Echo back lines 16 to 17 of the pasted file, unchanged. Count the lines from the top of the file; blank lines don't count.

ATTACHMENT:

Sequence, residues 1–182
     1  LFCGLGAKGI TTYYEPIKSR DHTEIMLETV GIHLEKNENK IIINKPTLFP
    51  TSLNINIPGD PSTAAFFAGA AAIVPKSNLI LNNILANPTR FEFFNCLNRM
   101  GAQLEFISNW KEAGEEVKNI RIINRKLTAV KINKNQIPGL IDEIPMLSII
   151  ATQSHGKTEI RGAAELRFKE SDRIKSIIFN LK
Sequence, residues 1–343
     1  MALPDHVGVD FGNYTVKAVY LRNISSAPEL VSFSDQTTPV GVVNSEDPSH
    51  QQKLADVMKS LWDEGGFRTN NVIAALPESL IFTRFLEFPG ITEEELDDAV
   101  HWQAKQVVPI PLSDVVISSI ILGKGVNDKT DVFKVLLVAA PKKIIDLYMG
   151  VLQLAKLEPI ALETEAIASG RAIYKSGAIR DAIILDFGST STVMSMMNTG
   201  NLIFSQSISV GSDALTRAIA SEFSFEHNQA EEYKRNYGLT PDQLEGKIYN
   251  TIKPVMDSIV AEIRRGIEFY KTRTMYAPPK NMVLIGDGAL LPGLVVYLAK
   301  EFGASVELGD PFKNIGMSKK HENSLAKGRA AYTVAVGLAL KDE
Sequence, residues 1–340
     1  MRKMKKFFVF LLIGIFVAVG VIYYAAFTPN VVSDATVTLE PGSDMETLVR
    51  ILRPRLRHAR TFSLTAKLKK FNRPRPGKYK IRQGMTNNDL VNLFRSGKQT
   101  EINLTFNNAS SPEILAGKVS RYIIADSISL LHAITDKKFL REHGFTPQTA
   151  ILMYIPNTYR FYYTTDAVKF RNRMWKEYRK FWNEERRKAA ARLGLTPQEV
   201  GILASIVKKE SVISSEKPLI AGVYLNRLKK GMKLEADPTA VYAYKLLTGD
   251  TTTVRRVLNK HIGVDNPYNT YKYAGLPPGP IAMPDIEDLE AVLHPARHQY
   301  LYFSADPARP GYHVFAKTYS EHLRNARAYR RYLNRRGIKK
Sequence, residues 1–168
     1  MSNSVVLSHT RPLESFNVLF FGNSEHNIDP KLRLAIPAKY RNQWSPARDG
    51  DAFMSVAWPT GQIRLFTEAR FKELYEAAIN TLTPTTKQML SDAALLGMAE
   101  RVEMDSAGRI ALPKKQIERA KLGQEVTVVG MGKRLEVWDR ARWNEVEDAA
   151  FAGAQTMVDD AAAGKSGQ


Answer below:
    51  ILRPRLRHAR TFSLTAKLKK FNRPRPGKYK IRQGMTNNDL VNLFRSGKQT
   101  EINLTFNNAS SPEILAGKVS RYIIADSISL LHAITDKKFL REHGFTPQTA